The sacrificial system taught, through the symbol of slain animals, that God would give His Son to die for our sins (1 Corinthians 15:3). In the Old Testament, people looked forward to the cross for salvation. We look backward to Calvary for salvation.
God commanded Moses to make the portable temple precisely after the pattern which he was shown in heaven (Hebrews 8:1-5). The tabernacle was roughly fifty-five by eighteen feet in size with a surrounding enclosed courtyard facing the east. The courtyard had the alter of burned offering (Exodus 27:1-8) and the Laver (Exodus 30:17-21).
The temple building was divided into two apartments separated by a veil. The larger first room was called the holy place which contained a candle stand (Exodus 25:31-40), the table of shew bread (Exodus 25:23-30), and a golden incense altar (Exodus 30:7, 8).
In the second apartment or the most holy place, there was the Ark of the Covenant (Exodus 25:10-22). This was a gold-covered chest which contained the Ten-Commandment law. On top of the ark was the mercy seat, representing the corresponding place in heaven where God’s presence was manifested.
The sacrificial confessional system worked this way: if a person sinned, he had to bring a lamb without spot into the courtyard of the sanctuary. There, by the altar of burnt offering, he would confess his sins over the animal and then slay it with his own hand (Leviticus 1:4, 5, 11). The flawless lamb represented the future Messiah. Through faith, he transferred his sins to the lamb and accepted the death of the Savior in his place (Revelation 13:8).
The priest then placed some of the blood on the horns of the altar in the outer court and ate a small piece of the meat, thus taking upon himself the sins of the individual worshipers. Afterward, the priest killed a sin offering for himself, and carried the blood into the holy place where it was sprinkled before the veil (Leviticus 4:16, 17).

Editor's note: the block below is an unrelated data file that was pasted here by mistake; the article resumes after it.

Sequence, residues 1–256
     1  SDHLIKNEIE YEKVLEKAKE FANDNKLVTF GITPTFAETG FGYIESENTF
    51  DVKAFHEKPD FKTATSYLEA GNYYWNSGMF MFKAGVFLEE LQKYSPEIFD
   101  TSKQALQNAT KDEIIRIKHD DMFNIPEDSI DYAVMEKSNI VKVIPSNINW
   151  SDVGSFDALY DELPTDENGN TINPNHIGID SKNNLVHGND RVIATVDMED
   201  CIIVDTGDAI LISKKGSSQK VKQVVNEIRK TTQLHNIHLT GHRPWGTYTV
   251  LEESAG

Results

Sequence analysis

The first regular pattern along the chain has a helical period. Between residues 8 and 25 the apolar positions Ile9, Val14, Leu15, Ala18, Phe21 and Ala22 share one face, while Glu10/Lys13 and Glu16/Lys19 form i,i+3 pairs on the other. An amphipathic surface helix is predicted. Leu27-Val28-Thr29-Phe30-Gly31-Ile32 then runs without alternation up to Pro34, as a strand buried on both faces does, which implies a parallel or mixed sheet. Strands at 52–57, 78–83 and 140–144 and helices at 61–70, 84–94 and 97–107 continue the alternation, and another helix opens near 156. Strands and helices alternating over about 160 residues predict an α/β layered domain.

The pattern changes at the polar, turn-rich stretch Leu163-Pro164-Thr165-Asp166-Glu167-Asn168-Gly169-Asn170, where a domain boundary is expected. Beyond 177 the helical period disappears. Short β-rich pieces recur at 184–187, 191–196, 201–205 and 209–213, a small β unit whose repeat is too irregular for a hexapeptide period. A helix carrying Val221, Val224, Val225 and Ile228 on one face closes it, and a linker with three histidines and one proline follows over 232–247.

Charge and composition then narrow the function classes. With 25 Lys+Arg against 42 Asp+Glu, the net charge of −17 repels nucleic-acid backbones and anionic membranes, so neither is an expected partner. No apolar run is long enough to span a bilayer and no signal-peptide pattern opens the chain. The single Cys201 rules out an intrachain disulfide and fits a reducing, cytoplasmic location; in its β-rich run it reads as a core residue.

Thus all sin eventually was placed in the sanctuary where it was recorded through the sprinkled blood. Every day, for an entire year, the sins accumulated in the sanctuary by the ministry of the priests in the holy place.
At the annual Day of Atonement a final disposition was made of their record of sin in the sanctuary (Leviticus 23:27). The Day of Atonement fell on the tenth day of the seventh month and was called the “cleansing of the sanctuary.” Symbolically a blotting out of the blood-recorded sins took place as the high priest, alone, entered the holy of hollies to sprinkle the blood of a goat.
Two goats were selected: One, the Lord’s goat the other, the scapegoat, representing Satan (Leviticus 16:8). The Lord’s goat was slain and offered for the sins of the people (Leviticus 16:9), while the people were fasting and confessing their sins in prayer. If one person had sins which had not been confessed and recorded in the sanctuary, those sins would not come under the blood of atonement, that man or woman would be cut off from Israel and put outside the camp (Leviticus 23:29).
And on this day the blood was taken into the most holy place and sprinkled upon and before the mercy seat (Leviticus 16:14). Only on this special judgment day did the high priest enter the most holy place to meet God at the mercy seat (Leviticus 16:14). When he emerged from the holy of hollies, the final atonement had been completed and a symbolic judgment had been made concerning sin and its penalty.
Finally, the high priest was to place his hands on the head of the scapegoat in the courtyard who was then led off into the wilderness to perish alone (Leviticus 16:16, 20-22) which signified the ultimate placing of guilt on Satan and his destruction.
That day’s services points to the blotting out of sin by Jesus the real High Priest in the heavenly sanctuary. This special judgment day, like that of Israel’s Yom Kippur, foreshadowed the final atonement to be made for planet Earth.
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In His service,